in its general aphorisms, all intention of compelling impossibilities,
and the administration of law must adopt that general exception in
the consideration of particular cases. [See : U.P.S.R.T.C. vs. Imtiaz
Hussain 2006 (1) SCC 380, Shaikh Salim Haji Abdul Khayumsab vs.
Kumar & Ors. 2006 (1) SCC 46, Mohammod Gazi vs. State of M.P. & Ors.
2000 (4) SCC 342 and Gursharan Singh vs. New Delhi Municipal
Committee 1996 (2) SCC 459].

39. It is for this reason that the Explanation to Section 92 B, though stated to
be clarificatory and stated to be effective from 1st April 2002, has to be
necessarily treated as effective from at best the assessment year 2013-14. In
addition to this reason, in the light of Hon’ble Delhi High Court’s guidance in the
case of New Skies Satellite BV (supra) also, the amendment in the definition of
international transaction under Section 92B, to the extent it pertains to the
issuance of delayed realization of debtors being outside the scope of
‘international transaction’, cannot be said to be retrospective in effect. The fact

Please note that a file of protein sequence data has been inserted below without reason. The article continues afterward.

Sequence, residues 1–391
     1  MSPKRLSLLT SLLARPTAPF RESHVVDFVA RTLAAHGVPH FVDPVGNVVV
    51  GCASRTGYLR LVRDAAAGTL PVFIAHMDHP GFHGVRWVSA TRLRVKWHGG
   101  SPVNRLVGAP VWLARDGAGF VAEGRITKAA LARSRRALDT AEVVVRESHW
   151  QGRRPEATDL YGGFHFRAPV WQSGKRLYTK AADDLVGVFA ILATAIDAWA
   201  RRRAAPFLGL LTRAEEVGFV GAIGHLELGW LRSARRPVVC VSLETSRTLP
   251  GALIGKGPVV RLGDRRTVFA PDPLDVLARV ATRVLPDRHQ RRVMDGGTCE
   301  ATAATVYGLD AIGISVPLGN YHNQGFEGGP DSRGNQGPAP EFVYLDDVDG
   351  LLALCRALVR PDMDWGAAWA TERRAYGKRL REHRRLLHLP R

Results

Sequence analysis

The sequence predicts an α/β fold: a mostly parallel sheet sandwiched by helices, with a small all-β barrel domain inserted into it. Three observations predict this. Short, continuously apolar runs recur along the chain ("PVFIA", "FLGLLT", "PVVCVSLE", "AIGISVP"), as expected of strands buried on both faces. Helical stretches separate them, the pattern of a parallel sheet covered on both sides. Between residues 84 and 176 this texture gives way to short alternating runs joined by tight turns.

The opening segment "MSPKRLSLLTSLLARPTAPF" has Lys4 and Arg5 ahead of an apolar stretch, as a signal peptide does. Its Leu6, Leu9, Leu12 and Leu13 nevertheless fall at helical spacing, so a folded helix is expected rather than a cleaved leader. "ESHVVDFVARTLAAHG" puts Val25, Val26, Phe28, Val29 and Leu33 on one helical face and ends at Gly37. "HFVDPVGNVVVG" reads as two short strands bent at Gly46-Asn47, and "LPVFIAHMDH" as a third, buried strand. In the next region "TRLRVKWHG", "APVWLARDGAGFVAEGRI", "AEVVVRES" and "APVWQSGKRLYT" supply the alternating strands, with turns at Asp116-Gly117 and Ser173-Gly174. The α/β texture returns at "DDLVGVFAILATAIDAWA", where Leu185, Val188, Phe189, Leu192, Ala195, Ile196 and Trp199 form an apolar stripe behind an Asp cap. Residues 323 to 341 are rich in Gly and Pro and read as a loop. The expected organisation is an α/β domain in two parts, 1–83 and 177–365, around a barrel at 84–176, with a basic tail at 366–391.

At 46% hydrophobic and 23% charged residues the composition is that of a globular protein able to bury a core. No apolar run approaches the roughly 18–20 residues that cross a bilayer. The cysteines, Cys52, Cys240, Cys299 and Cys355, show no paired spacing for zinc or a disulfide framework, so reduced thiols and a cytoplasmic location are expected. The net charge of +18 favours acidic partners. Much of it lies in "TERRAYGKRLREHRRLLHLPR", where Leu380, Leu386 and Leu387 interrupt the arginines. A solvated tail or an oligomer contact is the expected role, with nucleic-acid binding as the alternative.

that it is stated to be retrospective, in the light of the aforesaid guidance of
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Hon’ble Delhi High Court, would not alter the situation, and it can only be treated
as prospective in effect i.e. with effect from 1st April 2012 onwards.

40. As we deal with this question, it is also relevant to consider whether this
Tribunal can, while adjudicating on the appeals, tinker with the date, as set out in
the statute, from which an amendment is effective. In our humble understanding,
as a judicial forum, we are bound not only by the law as legislated by the
legislature, but by the judge made law as well. We are a part of the judicial
hierarchy in this system. We are bound by the law laid down by Hon’ble Courts
above, and all that we are expected to do, and we do, is to decide the issues before
us in accordance with the provisions of the statute, in accordance with the law
laid down by Hon’ble Courts above and in the light of binding judicial precedents.
When a binding judicial precedent requires us to deviate from the specific words
of the provisions of the statute in a particular manner, we have to do so. There is
no escape from this call of duty. Of course, whatever we do is, and shall always
remain, subject to the approval by Hon’ble Courts above.

41. There are a number of decisions in which our so tinkering with the specific
words in the statute have been upheld, as long as this has been so done in
accordance with the judicial principles and guidance in the judge made law. In
the case of Rajeev Kumar Agarwal Vs ACIT [(2014) 249 ITD 363 (Agra)],
insertion of second proviso to Section 40(a)(ia), though specifically stated to be